Pessimistic news be damned -- the bulls are running wild down Wall Street. For optimists, these rallies may seem like a dream come true. For skeptics like me, they're opportunities to see whether companies have earned their current valuations.
Keep in mind that some companies deserve their current valuations. Shares of organic and natural food producer Hain Celestial
Still, other companies might deserve a kick in the pants. Here's a look at three companies that could be worth selling.
Got a light?
After riding the wave higher on U.S. tobacco giant Reynolds American
Where my worry stems from is in Reynolds' lack of volume growth and in competitive pricing pressures. Both Altria
In Reynolds' most recent quarter, the company noted very slight growth in its Camel and Pall Mall brands in terms of market share, but pointed to a 120-basis-point decline in total cigarette market share. With the pie of potential smokers shrinking, competition heating up, and regulators cracking down on carcinogenic products, you can expect Reynolds to have a tough time finding avenues for growth in the immediate future.
Leave this Diamond in the rough
After months of blasting companies for blaming the weather for weak results, I'm going to be completely hypocritical and use the weather (and valuation) as a primary reason why I'd leave recreational products provider Black Diamond
The first quarter brought relatively good news for Black Diamond shareholders, as the company reported a 19% increase in sales and a doubling in net income per share to $0.10 from the previous year. Profits grew despite higher-priced winter accessories failing to move as well as the company had anticipated.
What concerns me about Black Diamond is its ability to resist the extremely warm summer, which could adversely impact hiking product sales. The company's purchase of POC Sweden may help alleviate its all-seasons product worries, but unpredictable weather patterns may keep higher-priced, higher-margin items sitting on store shelves -- that's what happened last winter. There's also that little bit about Black Diamond's valuation. At more than 60 times forward earnings, it's a far cry from a good value in my opinion. It's time to burst this stock's streak of zero underperform CAPScalls on Motley Fool CAPS.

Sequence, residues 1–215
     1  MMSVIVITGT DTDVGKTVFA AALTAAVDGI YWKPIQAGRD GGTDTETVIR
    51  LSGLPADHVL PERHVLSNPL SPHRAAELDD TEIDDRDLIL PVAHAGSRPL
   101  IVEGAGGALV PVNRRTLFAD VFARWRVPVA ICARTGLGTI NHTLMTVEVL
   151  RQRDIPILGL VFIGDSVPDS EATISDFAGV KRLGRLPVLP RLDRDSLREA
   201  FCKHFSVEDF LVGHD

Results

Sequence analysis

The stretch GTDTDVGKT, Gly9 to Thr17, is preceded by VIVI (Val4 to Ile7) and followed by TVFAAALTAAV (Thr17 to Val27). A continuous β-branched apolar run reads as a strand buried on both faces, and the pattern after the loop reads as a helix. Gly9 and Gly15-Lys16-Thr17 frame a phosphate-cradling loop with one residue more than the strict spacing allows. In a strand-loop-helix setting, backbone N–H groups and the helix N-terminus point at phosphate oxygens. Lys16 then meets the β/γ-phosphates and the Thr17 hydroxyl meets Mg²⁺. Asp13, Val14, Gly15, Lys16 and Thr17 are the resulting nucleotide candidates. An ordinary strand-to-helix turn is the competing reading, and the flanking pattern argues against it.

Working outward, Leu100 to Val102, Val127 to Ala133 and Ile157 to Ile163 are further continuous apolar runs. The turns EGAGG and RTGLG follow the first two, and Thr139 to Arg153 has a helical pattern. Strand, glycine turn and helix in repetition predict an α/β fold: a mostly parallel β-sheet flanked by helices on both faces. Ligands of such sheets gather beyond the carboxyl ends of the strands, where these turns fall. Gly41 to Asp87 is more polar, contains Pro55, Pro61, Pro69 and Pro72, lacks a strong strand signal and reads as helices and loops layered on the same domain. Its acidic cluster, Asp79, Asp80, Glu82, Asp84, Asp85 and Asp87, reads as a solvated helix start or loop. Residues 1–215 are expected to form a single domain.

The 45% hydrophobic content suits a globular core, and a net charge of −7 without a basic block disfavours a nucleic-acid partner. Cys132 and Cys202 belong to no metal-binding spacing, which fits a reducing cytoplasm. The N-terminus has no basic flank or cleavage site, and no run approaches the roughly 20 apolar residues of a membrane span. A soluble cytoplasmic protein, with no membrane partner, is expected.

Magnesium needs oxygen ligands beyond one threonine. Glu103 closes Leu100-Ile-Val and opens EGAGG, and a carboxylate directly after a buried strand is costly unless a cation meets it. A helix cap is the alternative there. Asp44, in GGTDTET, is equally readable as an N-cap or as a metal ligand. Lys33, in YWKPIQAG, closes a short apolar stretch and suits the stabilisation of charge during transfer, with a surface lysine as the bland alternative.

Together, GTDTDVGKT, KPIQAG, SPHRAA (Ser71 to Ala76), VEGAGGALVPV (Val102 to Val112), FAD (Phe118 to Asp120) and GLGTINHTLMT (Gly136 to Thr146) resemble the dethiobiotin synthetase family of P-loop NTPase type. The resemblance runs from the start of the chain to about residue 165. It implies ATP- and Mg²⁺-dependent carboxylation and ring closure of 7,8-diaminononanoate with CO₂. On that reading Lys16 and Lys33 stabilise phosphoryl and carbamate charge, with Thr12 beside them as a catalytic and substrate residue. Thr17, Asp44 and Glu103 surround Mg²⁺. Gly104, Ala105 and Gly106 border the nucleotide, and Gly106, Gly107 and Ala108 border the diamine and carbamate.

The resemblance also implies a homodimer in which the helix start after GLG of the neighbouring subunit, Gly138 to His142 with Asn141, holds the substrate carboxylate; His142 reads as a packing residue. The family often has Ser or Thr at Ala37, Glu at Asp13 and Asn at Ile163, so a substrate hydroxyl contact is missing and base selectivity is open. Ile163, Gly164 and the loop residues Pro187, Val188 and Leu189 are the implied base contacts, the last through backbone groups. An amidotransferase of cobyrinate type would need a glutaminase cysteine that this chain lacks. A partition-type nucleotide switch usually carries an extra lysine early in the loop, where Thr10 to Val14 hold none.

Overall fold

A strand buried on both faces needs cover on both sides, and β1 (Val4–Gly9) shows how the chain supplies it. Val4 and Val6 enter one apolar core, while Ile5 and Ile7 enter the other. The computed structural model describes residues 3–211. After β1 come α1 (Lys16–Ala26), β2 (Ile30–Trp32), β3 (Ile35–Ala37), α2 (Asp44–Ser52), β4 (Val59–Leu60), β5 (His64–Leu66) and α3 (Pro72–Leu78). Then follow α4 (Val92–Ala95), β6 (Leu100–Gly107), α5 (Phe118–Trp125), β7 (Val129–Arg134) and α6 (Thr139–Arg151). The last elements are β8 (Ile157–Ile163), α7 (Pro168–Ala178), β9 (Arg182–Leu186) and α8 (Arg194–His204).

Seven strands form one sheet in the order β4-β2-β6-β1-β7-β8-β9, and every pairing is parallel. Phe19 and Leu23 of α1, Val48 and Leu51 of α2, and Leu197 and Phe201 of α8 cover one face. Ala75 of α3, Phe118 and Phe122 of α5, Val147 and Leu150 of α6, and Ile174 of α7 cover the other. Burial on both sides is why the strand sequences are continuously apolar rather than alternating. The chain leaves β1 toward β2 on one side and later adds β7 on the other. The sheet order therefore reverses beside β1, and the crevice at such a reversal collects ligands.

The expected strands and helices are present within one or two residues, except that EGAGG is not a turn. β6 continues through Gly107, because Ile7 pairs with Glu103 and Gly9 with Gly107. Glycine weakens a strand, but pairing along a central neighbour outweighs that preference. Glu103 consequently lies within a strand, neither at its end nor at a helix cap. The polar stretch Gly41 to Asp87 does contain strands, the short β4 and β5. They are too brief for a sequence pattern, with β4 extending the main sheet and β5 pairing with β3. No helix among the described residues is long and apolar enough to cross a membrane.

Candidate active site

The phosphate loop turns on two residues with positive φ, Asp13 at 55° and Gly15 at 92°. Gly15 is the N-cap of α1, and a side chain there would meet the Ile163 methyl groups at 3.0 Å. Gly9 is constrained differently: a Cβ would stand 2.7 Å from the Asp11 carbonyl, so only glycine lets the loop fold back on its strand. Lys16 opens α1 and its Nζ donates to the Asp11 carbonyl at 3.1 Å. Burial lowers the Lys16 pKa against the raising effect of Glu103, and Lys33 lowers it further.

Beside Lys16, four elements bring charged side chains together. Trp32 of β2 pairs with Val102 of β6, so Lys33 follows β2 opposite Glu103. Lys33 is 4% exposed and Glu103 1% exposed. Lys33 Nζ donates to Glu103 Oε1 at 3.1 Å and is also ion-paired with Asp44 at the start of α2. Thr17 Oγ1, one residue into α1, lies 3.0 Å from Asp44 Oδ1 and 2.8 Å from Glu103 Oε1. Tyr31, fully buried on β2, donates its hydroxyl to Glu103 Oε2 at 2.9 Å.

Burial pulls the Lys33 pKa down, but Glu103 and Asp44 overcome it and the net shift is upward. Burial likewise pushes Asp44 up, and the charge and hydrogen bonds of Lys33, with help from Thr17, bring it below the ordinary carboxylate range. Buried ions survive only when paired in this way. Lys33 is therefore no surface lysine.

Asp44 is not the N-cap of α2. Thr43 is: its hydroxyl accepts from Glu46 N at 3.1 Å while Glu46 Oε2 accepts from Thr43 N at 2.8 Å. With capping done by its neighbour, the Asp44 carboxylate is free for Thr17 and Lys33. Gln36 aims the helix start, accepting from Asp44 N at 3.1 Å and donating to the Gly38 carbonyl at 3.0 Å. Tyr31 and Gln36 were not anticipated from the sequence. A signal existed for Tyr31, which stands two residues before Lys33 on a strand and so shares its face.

Smells like roses... dead ones
I'm taking a notably pessimistic view on 1-800-Flowers.com
1-800-Flowers has worked hard to try to diversify its product line by moving into gift baskets and utilizing the power of social and mobile media to drive sales, and to some extent, it's worked. Net sales rose by double-digits across all segments in its latest quarter, although that was largely assisted by the Easter holiday moving forward by one full quarter. But my primary thesis here is simple: It's just flowers!
With few paths to innovation and a product that has only a short-lasting time frame, 1-800-Flowers is going to need to keep trimming its expenses, reducing its debt, and perhaps repurchasing shares in order to drive earnings growth. Even at 17 times forward earnings you're paying too much. Do yourself a favor and send these roses back before you get pricked by a thorn.
Flowers, cigarettes, and sporting equipment -- all have the makings of trouble for these three companies. I'm so confident in my three calls that I plan to make a CAPScall of underperform on each one. The question is: Would you do the same?
Share your thoughts in the comments section below, and to avoid investing in stocks like these, consider getting a copy of our special report: "The Motley Fool's Top Stock for 2012." In it, our chief investment officer details a play he dubbed the "Costco of Latin America." Best of all, this report is free for a limited time, so don't miss out!
Fool contributor Sean Williams has no material interest in any companies mentioned in this article. You can follow him on CAPS under the screen name TMFUltraLong, track every pick he makes under the screen name TrackUltraLong, and check him out on Twitter, where he goes by the handle @TMFUltraLong.
The Motley Fool owns shares of Hain Celestial and Costco. Motley Fool newsletter services have recommended buying shares of Hain Celestial and Costco. Try any of our Foolish newsletter services free for 30 days. We Fools don't all hold the same opinions, but we all believe that considering a diverse range of insights makes us better investors. The Motley Fool has a disclosure policy that never needs to be sold short.